Williams (1996) concurs suggesting that reference to SAD has been made in fairytale and ancient folklore and in old stories of “feral children”. The first use of the word “Autistic” which is derived it from the Greek word autos (meaning self), was in 1912 in the American Journal of Insanity (O’Brien and Tagged 2006). Eugene Bubbler, a Swiss psychiatrist used the term to describe a group of symptoms of schizophrenia, where he characterized his group of adult patients as Ewing self obsessed (Irritated).

However, the term became widespread in 1943 with the publication of Canner’s paper. Canner recognized a pattern of symptoms in his sample of eleven children and used the term Autism to describe their withdrawn acknowledged that these children were not typically mentally retarded or suffering from a psychiatric disorder but demonstrated intriguing traits and for this he used the term Early Infantile Autism (O’Brien and Tagged 2006). Just one year later Hans Aspirer, an Austrian doctor published his paper, which had striking similarities to Canner’s research (Happen 1994).

Although his work was published, it was not fully appreciated until Loran Wing translated it into English in 1981. It wasn’t until the sass’s that researchers began to have an understanding of Autism in children. However, treatment at this stage remained very much medically based with the emphasis greatly on cure of the “disease”. Treatments were very much bio chemically based with medications such as LSI: electric shock treatment was also widely used.

During the sass’s and sass’s there was an increased awareness from health, education and indeed the general public, leading to a recognition that although there is always a place for medication, the way forward was with cognitive and behavioral techniques such as intensive early intervention (Wolff 2004). If we go back thirty years, the prevalence of Autism was decidedly less as opposed to today where it is closer to 1 :OHIO (Baron-Cohen 2008). There are several theories as to why the incidence has risen; Harrison et al, (2006) suggest that the rise could be due to better diagnostic expertise.

Waterholes (2008) concurs with this suggestion, signifying that an increased awareness and services and changes to the diagnostic criteria have all had an influence in prevalence. Baron-Cohen (2008) also recognizes that as Autism is on a spectrum, “shades” of Autism or mild cases of Autism are now being included in prevalence numbers, where they may previously have been excluded. There are many debates as to the cause of Autism: it is however, generally accepted that there is no single unit cause but rather, a series of behaviors with multiple causes and neurological processes have been identified (Router 2005).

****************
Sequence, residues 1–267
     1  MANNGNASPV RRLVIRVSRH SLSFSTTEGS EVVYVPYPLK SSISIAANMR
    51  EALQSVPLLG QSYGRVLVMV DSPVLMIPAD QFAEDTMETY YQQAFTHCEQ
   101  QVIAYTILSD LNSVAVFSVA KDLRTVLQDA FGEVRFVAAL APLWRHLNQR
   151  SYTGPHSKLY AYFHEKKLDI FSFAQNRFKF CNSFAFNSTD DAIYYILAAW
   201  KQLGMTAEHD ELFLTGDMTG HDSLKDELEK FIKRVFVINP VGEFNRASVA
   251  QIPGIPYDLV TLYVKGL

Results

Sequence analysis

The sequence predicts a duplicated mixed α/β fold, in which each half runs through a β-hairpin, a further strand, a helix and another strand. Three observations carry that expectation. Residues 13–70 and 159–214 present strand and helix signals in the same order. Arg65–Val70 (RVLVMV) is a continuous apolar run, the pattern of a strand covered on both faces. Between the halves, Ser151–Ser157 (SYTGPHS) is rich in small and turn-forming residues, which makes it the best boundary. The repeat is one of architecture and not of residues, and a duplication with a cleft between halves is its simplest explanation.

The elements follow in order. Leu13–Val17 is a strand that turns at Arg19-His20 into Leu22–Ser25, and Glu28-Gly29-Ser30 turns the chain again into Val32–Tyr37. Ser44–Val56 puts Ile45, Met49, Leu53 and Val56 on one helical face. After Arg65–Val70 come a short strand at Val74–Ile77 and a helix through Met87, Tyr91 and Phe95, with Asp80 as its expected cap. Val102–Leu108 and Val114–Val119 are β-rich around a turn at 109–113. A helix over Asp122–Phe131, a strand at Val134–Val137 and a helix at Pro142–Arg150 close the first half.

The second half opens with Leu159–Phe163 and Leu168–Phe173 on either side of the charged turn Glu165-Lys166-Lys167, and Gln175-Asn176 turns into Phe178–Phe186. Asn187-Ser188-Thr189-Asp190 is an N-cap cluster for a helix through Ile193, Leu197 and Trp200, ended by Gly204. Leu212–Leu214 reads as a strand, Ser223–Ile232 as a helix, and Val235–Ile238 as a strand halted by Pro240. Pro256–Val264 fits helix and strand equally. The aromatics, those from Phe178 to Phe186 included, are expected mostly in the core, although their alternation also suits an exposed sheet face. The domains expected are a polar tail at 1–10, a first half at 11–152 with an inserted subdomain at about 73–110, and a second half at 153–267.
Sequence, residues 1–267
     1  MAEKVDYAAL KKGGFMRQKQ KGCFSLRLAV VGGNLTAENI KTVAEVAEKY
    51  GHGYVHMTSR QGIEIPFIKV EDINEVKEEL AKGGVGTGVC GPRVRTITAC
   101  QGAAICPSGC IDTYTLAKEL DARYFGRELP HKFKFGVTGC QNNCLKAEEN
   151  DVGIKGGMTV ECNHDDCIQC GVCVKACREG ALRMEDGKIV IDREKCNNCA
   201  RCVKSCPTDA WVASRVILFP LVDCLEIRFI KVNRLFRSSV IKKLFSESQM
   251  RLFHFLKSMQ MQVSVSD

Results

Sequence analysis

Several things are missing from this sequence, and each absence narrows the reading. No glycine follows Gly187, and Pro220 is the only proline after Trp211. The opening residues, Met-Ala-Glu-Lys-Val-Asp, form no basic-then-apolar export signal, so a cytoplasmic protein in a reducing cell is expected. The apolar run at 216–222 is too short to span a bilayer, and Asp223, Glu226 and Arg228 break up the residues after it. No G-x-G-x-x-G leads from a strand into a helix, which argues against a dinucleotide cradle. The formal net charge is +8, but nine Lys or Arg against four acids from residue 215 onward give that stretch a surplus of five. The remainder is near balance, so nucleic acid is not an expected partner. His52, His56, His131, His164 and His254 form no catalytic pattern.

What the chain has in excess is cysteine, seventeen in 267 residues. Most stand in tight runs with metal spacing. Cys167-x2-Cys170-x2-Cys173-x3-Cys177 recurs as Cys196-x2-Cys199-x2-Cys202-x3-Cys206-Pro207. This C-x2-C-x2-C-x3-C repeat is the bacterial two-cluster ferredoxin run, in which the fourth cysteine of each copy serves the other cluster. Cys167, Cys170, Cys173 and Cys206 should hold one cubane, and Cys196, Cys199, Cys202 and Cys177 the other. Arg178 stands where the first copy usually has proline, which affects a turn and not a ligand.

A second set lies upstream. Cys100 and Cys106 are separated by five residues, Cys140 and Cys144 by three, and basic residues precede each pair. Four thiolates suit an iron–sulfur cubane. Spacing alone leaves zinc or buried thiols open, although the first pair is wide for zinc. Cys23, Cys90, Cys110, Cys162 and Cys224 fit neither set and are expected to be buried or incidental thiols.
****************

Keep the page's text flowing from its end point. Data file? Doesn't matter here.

However, certain hypothesis or theories which have been purported to be causative, have proved to be highly controversial, with parents often wondering if they were in anyway to blame (Happen 1994). The thought process behind ‘Refrigerator Mothers’ theory was that their children had autism because of the mother’s frigidity. They were supposedly “cold” towards their child and didn’t interact, play with them or show affection (Satiric 2003). This was first noted by Leo Canner in his paper “Autistic disturbances of affective content” (cited in O’Brien and Tagged 2006).

Canner noted a “genuine lack of maternal warmth”. Satiric (2003) suggests that Canner overlooked the fact that the children in his study had siblings that were unaffected by the same parents affection or lack of it. The theory continued to gain credibility during the sass’s and sass’s particularly due to Bruno Fetishism’s articles which continued to promote this theory. Despite the theory being utterly discredited it continues to place a terrible burden on mothers already devastated by their child’s condition (Happen 1994). T al, (2001) and Satiric et al, (1998) it has to be acknowledged that genetics have a key role to play: there is consistent evidence from twin and family studies to support this. However, as yet, no specific gene has been identified. Research into the role of genetics in SAD is undoubtedly expanding rapidly (Guppy and State 2007). We could not mention causes without giving consideration to a hypothetical link with vaccines: in particular the Measles, Mumps and Rubella vaccine (MR..). It has been argued that the MR.. Vaccine causes intestinal problems leading to the development of autism.

The controversy was due to the publication of Dry Andrew Wakefield study in 1998. This work has since been discredited with suggestions that there was a monitory incentive behind it (Dear 2011). Despite this theory being strongly refuted by the medical fraternity, there remains a minority of parents and researchers who antique to pursue this link (Foment and Charities 2001). Unsung et al (2009) raise the question of a hormonal link, as Autism overwhelmingly affects more males than females, by 4:1 .